9. It’s shame I used to believe that. Seems like it’s rooted in many people’s mind which influence the current media, arts work. Your data is really helpful to remind me that belief is not true.Hopefully this belief would not spread more.

  10. Yes, I totally agree with you that we should take advantage of the internet and social media instead of being led and controlled. I remember that there was a film called Lucy in 2015. The main theory in the film is that if human are able to use more than 10% of their brain, what will happen? The film showed us that if we are able to do that we could control the gravity! It looks stupid because the brain development would conflict with many scientific rules and theories.

  11. I still remember how people discuss the possibility of human being when the movie Lucy came out. But it still very strange to think that people could perform super power by using 100% of brain power. Also, most popularity of this superstition may come from the potential profit from some brain development course. There always a group could benefit from specific extraordinary groups, their motivation should also be part of the whole formation of these misconceptions.

  12. One could easily entertain the idea of only using 10% of the brain because it would imply that humans are capable of so much more than they already are. I have heard this myth multiple times, except that we only used 20% of our brains, not 10. Furthermore, as someone with a background in neuroscience, I do not know how this would even be possible considering each part of the brain has a different (but known) function.

  13. Like many of the extraordinary beliefs that have been discussed on this blog, it’s clear that this belief is merely a result of massive scientific illiteracy, even in the most-developed countries in the world. As long as people are not receiving education that allows them to critically think, this kind of belief is bound to persist. Plus, I think this belief has a very encouraging underpinning because it inherently provides this idea that you can always improve yourself if you can just figure out how to use *a little* more of your brain

  14. I am ashamed to say that there was a time earlier in my life when I believed this notion to be true. The problem was that I was completely ignorant to the mechanisms by which the human brain functioned and had never been exposed to research based experimentation on the human brain. I think it is easy to believe something absurd like this when you have no knowledge of the subject matter, and this is precisely the danger to be more aware of as we navigate the world around us.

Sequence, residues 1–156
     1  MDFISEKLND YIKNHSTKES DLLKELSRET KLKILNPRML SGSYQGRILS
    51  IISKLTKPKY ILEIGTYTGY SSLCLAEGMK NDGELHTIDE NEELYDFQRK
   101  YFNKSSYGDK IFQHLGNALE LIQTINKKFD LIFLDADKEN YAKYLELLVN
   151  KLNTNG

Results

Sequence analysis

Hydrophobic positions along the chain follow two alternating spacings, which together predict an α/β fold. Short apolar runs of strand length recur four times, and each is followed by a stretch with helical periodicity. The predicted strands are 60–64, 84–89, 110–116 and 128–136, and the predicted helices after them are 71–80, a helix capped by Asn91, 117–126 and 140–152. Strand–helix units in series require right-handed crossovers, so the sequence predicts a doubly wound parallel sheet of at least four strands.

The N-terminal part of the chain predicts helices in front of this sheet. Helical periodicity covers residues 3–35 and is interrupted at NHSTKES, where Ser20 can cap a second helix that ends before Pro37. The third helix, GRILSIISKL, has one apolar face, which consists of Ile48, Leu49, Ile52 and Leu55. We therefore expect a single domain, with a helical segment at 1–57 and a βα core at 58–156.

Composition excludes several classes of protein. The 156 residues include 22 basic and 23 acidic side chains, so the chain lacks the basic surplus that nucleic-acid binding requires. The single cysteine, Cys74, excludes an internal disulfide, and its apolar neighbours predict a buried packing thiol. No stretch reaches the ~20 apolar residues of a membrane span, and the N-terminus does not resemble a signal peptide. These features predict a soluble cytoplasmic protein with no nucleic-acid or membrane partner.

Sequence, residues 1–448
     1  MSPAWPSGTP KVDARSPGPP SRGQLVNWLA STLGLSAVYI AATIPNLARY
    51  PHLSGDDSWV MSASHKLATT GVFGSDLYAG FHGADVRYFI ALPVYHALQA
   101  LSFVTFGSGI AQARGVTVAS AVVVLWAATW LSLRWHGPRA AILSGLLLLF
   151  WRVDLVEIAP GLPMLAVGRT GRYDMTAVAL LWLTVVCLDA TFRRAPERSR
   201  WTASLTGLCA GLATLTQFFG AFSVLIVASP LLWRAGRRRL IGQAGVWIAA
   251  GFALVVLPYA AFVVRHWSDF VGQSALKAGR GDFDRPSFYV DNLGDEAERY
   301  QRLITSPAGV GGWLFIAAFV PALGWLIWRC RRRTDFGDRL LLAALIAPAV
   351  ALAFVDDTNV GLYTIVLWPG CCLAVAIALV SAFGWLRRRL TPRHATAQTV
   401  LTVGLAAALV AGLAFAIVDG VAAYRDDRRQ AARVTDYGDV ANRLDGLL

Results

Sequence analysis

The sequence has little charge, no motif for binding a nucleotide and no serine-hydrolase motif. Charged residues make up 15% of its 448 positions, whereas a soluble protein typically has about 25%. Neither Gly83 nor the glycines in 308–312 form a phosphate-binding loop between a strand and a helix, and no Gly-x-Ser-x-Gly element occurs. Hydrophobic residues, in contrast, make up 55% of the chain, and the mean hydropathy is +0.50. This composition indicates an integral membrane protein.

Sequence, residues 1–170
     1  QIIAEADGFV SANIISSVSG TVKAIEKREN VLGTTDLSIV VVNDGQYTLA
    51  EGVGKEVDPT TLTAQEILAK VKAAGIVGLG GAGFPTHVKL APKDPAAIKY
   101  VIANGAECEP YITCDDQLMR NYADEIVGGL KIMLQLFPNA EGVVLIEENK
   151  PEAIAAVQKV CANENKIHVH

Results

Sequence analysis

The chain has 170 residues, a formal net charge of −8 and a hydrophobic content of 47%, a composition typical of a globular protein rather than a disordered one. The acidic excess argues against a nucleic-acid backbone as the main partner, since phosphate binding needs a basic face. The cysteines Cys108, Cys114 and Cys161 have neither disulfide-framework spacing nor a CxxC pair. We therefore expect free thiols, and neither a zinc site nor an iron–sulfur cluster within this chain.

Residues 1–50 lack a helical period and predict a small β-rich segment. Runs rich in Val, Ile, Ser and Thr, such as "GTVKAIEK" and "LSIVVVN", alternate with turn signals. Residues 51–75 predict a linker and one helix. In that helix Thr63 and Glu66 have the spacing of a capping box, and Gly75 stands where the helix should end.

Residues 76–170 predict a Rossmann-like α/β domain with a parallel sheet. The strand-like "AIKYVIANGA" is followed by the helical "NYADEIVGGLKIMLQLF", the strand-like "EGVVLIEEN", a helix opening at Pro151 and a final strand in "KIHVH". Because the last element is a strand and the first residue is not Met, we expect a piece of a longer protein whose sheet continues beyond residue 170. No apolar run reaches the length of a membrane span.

15. I thought your blog post was really interesting. When I was little, I remember my friends telling me that we only use 10% of our brain. Somehow, I believed them and I don’t really remember when I stopped, it may have been in AP psych junior year of high school. I think authority is the biggest factor in believing this extraordinary belief.

  16. I believe most of us have watched a movie called “Lucy”, and it is my first time that I know some people believe human can’t completely use the brain. But I think it’s really ridiculous. The brain needs to consume a large amount of energy to keep working, so it’s impossible that we evolve such a useless organism which we even can’t completely use it. But I believe that some people have a bigger brain which can contain more knowledge easily.

  17. I think this theory is interesting to people because it plays on the idea of untapped potential in terms of intelligence. Not only would you have greater capabilities and mental expansion, but completing everyday tasks and climbing up the social ladder would be a breeze. It’s super nifty to think about, however I think it ultimately just sells people some sort of false prophecy that they have more hidden talents or potential than they truly do.

  18. I remember the first time I heard about this theory was when I saw the movie ‘Limitless’ where Bradley Cooper takes this pill that allows him to access 100% of his brain (because everyone only uses 10%) and he has crazy abilities and can do whatever he wants. It was interesting to find out though that this theory started out by actually well-know scientists. I could see how this could get a huge following, but if we didn’t use 80% of the brain I feel like we would start loose it or our brains would shrink from the unuse.

  19. Wow, such a funny thing, because I never researched this myself. I only heard about this theory and after that the movie ‘Lucy’ and ‘limitless’ got created and even I believed in it for a while. But if you think more deeply and critical about this conspiracy it does make sense that it is not accurate. We know that depending on what cognitive process you engage in, all kind of different parts of the brain are involved in it, so we definitely use more than only 10%